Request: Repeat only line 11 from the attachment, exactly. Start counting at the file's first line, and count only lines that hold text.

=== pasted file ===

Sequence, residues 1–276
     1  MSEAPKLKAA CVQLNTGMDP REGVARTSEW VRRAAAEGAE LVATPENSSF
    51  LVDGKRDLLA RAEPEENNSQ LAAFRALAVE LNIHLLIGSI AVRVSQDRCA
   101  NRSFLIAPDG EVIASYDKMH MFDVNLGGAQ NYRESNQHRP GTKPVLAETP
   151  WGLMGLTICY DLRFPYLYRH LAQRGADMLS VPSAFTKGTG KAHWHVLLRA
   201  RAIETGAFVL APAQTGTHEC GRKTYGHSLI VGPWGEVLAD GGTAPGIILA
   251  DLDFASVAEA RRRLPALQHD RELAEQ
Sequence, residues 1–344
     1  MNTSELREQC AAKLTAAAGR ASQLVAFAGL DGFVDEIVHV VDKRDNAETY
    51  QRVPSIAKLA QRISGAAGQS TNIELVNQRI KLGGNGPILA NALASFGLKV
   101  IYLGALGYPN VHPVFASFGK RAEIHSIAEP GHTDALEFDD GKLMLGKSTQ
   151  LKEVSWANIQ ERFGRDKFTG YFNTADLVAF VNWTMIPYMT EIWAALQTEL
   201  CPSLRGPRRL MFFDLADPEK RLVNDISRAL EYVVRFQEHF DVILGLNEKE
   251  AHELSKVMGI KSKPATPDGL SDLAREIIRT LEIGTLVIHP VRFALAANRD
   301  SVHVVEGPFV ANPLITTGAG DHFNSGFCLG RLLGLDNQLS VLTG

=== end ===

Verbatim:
   101  IYLGALGYPN VHPVFASFGK RAEIHSIAEP GHTDALEFDD GKLMLGKSTQ